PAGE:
Thursday, June 07, 2012

Exhibition- Jennifer Anyan: Embodied Memories

This time last year, I was making some rather interesting unique shoes. Earlier in the year I had been approached by artist and stylist Jennifer Anyan to make a pair shoes for her upcoming exhibition Embodied Memories which was to be the first exhibition held in the new John Hansard Gallery Central on the site of the old Tyrrell & Green department store in Southampton, UK. Embodied Memories opened on the 9th of May and runs till 30th of June 2012.

Jennifer spent time recording people describing special items they had bought from the Tyrrell & Green department store as far back as the 1940s, and used these recollections to re-create their beloved items. My brief was very specific - a pair of children's party shoes in a very wide fitting made with silver leather and white leather lining, featuring a single strap with a white button closure, and leather soles with stacked leather heels. The interior of the shoe was to feature fairytale fantasy scenes, and one of the heels was to be a cathedral style window with a sky-blue interior, encasing three diamond-like crystals.


I started with a UK size 1 last. To make the very wide fitting, I glued layers of cork to the inside and outside of the joint area of the last (the widest bit) and filed them into shape. After that the upper was fairly straight forward patterncutting, clicking (cutting out the pieces in leather), closing (stitching it together) and lasting (stretching the upper over the last). I made a pre-finished leather sole, keeping the edges natural with a waxed shine.


The window heel was the real challenge. I cut the window shape from three layers of soling leather (the same number as I had used for the other normal stacked heel), glued them together and using a small file, smoothed the inner sides of the window. I cut the cathedral style window frame from some thin wood veneer using a sharp knife and cut a thin piece of acetate to size. I then stuck this leather frame to the leather sole and painted the interior of the window sky blue, added the Swarovski crystals (supplied by Jennifer Anyan) then secured the acetate, wooden window frame as well as a thin frame of leather into place. I then continued to shape the heel in the usual way on the grinder whilst keeping the window covered and protected. I will admit that I breathed a BIG sigh of relief once I attached the sole and window heel intact!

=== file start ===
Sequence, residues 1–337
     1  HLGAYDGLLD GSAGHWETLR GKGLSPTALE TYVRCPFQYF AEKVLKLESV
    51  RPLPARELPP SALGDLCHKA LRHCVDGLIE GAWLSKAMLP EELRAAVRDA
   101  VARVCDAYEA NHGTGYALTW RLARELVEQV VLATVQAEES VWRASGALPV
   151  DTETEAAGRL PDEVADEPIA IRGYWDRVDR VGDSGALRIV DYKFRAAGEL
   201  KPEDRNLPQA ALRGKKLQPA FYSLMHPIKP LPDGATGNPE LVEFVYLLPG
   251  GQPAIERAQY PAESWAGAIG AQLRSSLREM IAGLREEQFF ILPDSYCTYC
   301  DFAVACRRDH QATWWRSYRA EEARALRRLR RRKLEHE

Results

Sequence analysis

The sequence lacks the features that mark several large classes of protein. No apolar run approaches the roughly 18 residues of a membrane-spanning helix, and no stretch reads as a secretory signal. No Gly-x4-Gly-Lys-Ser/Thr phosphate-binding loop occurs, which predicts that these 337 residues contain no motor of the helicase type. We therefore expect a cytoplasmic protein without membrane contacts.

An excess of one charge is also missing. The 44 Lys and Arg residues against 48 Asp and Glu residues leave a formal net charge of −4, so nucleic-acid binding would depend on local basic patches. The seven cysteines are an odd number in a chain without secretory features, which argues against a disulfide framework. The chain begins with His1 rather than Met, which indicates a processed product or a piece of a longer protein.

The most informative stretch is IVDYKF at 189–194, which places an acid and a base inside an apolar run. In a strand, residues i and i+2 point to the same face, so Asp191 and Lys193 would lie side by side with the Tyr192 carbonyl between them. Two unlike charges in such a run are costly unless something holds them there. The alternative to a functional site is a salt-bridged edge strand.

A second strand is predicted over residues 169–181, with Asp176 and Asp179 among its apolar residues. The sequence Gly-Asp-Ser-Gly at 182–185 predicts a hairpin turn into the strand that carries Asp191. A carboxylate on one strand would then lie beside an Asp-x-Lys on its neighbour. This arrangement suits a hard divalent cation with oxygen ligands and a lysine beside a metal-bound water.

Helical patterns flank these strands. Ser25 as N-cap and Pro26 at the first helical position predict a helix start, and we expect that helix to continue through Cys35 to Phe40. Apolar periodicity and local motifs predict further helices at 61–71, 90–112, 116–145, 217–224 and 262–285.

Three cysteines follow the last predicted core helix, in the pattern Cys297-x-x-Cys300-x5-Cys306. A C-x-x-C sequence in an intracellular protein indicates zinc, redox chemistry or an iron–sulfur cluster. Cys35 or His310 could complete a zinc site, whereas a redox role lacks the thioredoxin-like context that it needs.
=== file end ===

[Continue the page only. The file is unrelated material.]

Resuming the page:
I sent the shoes to Jennifer along with a skin of the lining leather and a pattern for the sock (that's the bit of leather that lines the insole) for her to transfer her drawings of fairytale fantasy scenes. She sent it all back to me and I attached the decorated socks.




A big thank you to Jennifer Anyan for the opportunity to be part of this project and to make these one-of-a-kind shoes - they were an excellent challenge and I'm pleased with how they turned out. Next step is to get down to Southampton to have a look at the rest of the exhibition!

Embodied Memories runs until 30th June, Tuesdays - Saturdays, 11am - 6pm/Free.
John Hansard Gallery Central
Old Tourist Information Centre, 9 Civic Centre Road
Southampton City Centre

More info here.